In a continuation of his catechetical series on vice and virtue, Pope Francis on Wednesday dedicated his general audience to highlighting the difference between love and lust, arguing that “in Christianity, there is no condemnation of the sexual instinct.” Centering his reflection on the “human experience,” the pope drew upon the Song of Songs, also referred to as the Canticle of Canticles or the Song of Solomon, which he called a “wonderful poem of love between two lovers” that reveals falling in love “is one of the most astonishing realities of existence.”
The pope observed that in this process there is an altruistic factor in which “a person in love becomes generous, enjoys giving gifts, writes letters and poems. He stops thinking of himself to be completely focused on the other.” “To love is to respect the other, to seek his or her happiness, to cultivate empathy for his or her feelings, to dispose oneself in the knowledge of a body, a psychology, and a soul that are not our own, and that must be contemplated for the beauty they bear,” the pope said to the faithful gathered in the Paul VI Audience Hall.
The Holy Father noted, however, that this notion of love requires “patience,” especially if it is “naive,” whereby “the lover does not truly know the face of the other, they tend to idealize them, they are ready to make promises whose weight they do not immediately grasp.” The pope said that while “falling in love is one of the purest feelings” there is the risk that it could be “polluted by vice.” “This ‘garden’ where wonders are multiplied is not, however, safe from evil” as it has been “defiled by the demon of lust,” a vice that is “particularly odious” because it “destroys relationships between people,” Francis said. Reflecting on the modern paradigm of dating and romance, the pope asked: “How many relationships that began in the best of ways have then turned into toxic relationships, of possession of the other, lacking respect and a sense of limits?”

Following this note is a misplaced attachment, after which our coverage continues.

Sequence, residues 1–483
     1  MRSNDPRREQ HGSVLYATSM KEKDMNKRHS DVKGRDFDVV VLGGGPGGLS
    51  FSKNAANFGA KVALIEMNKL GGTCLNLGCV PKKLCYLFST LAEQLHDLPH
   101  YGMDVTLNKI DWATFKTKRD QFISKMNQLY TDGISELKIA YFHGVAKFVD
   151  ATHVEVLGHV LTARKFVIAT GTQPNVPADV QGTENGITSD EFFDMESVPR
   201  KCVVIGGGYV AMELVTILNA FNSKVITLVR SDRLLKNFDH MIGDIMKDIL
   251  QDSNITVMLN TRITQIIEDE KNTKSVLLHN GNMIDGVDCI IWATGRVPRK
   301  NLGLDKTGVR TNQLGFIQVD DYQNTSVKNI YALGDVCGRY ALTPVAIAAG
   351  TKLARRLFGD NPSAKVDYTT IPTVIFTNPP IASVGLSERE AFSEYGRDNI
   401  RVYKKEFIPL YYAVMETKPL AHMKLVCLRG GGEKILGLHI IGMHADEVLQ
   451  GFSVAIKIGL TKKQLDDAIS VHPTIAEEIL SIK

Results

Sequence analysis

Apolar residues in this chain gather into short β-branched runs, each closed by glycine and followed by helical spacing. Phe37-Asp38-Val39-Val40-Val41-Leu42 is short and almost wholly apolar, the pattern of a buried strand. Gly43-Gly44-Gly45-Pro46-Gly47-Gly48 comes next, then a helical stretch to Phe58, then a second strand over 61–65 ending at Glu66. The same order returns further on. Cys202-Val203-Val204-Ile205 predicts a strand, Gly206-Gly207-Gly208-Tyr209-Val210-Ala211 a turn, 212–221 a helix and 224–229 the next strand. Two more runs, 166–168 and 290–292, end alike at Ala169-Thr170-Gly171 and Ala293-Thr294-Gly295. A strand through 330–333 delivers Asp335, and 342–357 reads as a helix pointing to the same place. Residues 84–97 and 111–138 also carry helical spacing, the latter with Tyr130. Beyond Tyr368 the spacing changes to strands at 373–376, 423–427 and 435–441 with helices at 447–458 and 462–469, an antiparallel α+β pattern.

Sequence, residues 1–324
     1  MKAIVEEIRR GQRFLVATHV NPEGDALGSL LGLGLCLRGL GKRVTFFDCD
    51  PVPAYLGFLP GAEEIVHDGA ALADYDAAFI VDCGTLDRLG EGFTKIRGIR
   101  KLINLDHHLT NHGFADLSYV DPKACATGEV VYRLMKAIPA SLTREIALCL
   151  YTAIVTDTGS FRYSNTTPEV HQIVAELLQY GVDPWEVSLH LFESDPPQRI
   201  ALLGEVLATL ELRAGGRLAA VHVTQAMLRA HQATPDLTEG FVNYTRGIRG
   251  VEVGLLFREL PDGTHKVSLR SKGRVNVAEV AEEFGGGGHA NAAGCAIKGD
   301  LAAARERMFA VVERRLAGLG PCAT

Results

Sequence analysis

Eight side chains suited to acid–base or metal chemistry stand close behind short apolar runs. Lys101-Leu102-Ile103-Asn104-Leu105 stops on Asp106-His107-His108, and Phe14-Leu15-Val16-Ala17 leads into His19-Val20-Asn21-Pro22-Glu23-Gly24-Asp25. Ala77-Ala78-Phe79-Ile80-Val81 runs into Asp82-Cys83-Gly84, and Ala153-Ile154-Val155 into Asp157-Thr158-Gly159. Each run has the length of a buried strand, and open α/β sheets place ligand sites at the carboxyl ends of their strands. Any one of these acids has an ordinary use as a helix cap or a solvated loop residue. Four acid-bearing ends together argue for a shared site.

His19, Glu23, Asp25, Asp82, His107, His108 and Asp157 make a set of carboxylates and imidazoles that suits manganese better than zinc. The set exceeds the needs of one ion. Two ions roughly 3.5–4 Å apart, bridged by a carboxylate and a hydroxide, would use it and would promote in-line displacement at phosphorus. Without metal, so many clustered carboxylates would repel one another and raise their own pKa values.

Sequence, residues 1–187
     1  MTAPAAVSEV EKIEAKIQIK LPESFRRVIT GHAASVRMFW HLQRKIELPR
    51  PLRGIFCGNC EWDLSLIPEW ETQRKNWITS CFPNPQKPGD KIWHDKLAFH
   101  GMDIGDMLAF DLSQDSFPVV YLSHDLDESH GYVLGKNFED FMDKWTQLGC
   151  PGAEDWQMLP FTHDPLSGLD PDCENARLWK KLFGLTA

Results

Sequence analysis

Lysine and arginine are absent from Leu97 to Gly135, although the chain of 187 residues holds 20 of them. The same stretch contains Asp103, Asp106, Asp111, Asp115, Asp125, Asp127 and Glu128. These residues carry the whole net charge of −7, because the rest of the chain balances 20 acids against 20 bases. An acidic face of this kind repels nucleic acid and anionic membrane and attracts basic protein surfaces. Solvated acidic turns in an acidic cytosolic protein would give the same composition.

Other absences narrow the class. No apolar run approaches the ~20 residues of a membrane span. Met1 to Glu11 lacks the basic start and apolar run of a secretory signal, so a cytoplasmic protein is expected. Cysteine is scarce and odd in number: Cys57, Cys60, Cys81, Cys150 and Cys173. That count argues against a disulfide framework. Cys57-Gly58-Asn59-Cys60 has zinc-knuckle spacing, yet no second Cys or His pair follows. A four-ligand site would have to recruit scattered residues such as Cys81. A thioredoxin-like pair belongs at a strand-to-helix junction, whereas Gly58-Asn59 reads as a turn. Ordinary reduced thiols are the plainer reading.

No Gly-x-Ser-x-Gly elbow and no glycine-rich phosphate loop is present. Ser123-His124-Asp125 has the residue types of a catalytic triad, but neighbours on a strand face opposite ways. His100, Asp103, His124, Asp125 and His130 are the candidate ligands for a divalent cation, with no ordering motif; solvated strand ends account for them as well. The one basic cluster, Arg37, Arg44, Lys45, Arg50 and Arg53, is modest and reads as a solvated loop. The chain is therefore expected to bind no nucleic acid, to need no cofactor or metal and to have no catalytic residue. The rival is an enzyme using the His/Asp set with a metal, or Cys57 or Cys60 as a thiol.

“These are loves in which chastity has been missing: a virtue not to be confused with sexual abstinence, but rather with the will never to possess the other,” the Holy Father continued. “It plunders, it robs, it consumes in haste, it does not want to listen to the other but only to its own need and pleasure. Lust judges every courtship a bore, it does not seek that synthesis between reason, drive, and feeling that would help us to conduct existence wisely.” Observing that romantic pursuits that are predicated upon lust “seek only shortcuts,” the pope emphasized that “the road to love must be traveled slowly, and this patience, far from being synonymous with boredom, allows us to make our loving relationships happy.”
The pope presented an additional reason why lust is so devious, saying: “It involves all the senses; it dwells both in the body and in the psyche.” “If not disciplined with patience, if not inscribed in a relationship and in a story where two individuals transform it into a loving dance, it turns into a chain that deprives human beings of freedom,” the Holy Father added. The pope closed his reflection by noting that the “battle” against lust and the objectification of human beings is a “lifelong” process. However, it is one that preserves “that beauty that God wrote into his creation when he imagined love between man and woman.” “That beauty that makes us believe that building a story together is better than going on adventures, cultivating tenderness is better than bowing to the demon of possession, serving is better than conquering,” the pope said.